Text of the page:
January - March 2019
Harrow's Long Ducker, November 2018 - post card sketches from the run, Watford Road Roundabout
'In Memorium' - an installation for the fallen, Harrow School
Art critic for The Times, Rachel Campbell Johnston writes about Simon Page’s new Harrow work:
A flood of runner, fists clenched and feet pounding, comes pouring towards you. Lines of
trees and park railings form channels along which they gush: a torrent of heart-pumping,
breath-gasping humanity merging and jumbling into a great jostling flow.
Standing as if plunged right amid them, you can almost feel yourself brace as you look. No
wonder the pigeons are sent madly scattering. Even the stone bison of the Albert Memorial is
roused to new life. As the boys surge round the base of the pedestal upon which for more
than 150 years it has stood, a stolidly implacable monument to the New World, it appears
suddenly to waken and shake its rough pelt with an impatient snort.
Simon Page has been teaching art to the students at Harrow for some 30 years now. These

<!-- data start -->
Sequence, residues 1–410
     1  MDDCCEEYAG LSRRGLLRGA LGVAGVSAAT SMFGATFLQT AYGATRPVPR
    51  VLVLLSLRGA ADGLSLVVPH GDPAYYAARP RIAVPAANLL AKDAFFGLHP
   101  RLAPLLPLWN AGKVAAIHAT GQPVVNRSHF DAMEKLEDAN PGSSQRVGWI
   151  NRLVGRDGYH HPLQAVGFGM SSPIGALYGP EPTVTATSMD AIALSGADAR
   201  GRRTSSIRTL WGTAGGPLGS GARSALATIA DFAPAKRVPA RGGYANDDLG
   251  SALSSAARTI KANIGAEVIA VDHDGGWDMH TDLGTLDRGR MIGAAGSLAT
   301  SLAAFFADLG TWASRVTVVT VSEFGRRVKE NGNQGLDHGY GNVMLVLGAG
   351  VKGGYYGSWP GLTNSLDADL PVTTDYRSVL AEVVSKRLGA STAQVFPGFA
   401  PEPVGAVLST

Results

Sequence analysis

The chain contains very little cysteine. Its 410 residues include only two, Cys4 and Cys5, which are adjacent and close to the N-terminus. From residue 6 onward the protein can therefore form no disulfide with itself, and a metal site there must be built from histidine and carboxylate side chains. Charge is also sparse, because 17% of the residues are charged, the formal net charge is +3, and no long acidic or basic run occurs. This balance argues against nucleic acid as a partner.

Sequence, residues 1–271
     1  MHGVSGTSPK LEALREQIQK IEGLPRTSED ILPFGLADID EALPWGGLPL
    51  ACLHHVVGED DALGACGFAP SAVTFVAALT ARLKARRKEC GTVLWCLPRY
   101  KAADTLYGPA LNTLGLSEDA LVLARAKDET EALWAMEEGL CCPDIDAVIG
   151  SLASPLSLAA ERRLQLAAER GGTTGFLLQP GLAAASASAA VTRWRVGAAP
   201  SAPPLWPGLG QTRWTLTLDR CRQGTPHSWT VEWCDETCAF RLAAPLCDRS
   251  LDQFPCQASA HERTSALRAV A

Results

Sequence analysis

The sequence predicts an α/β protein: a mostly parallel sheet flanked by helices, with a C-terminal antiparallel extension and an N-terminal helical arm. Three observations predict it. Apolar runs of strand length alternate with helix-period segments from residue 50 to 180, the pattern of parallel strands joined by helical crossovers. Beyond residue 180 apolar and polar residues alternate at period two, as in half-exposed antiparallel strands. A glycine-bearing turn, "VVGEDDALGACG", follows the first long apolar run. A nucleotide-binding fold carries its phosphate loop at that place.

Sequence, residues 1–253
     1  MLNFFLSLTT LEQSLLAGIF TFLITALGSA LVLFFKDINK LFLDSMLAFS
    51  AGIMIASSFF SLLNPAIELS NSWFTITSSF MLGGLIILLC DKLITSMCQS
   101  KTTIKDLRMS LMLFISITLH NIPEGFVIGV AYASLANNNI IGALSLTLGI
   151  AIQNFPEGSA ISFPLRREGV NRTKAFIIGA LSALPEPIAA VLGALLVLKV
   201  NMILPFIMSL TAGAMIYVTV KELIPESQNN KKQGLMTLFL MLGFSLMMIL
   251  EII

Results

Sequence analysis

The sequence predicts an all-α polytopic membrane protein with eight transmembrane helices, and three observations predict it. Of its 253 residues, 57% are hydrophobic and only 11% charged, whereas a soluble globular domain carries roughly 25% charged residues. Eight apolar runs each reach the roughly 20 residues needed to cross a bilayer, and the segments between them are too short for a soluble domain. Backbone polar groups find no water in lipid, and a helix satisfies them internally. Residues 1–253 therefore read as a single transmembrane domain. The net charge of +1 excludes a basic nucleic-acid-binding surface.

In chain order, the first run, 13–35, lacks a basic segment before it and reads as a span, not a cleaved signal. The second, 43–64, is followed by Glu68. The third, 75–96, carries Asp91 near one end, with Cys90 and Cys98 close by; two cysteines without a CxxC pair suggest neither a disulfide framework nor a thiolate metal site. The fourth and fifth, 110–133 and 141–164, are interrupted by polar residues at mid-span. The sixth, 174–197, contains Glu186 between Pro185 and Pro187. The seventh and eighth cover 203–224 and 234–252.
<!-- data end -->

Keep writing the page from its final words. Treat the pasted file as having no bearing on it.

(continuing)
images capture with a freshness that will always somehow feel current a variety of memories
from his time at the school.
These pictures ostensibly speak of the ways in which, when an individual is drawn out, when
his energies (whether physical or mental) are channelled, they can discover a fresh power
which will carry them forwards into the future. This sense of vivacity is transferred to the
viewer. That is what makes these pictures so striking. They are more than just records of
bygone memories. They speak, instead, of a living force which drives progress. And as such
they are infused with that spirit of irrepressible hope which should underpin every student's
education. (Link to full article)
Daniel Crouch Gallery, June 1st - 4th. Recent work that includes a series of drawings, paintings and prints that take inspiration from the subject of a marathon that starts in Hyde Park.
The runners, still closely packed at the early stage of the race, pass G. F. Watts' sculpture 'Physical Energy' . The bronze horse seems to rear up in response to the drumming progress of the runners. The runners themselves, all teenage boys are the embodiment of growing, unrefined energy.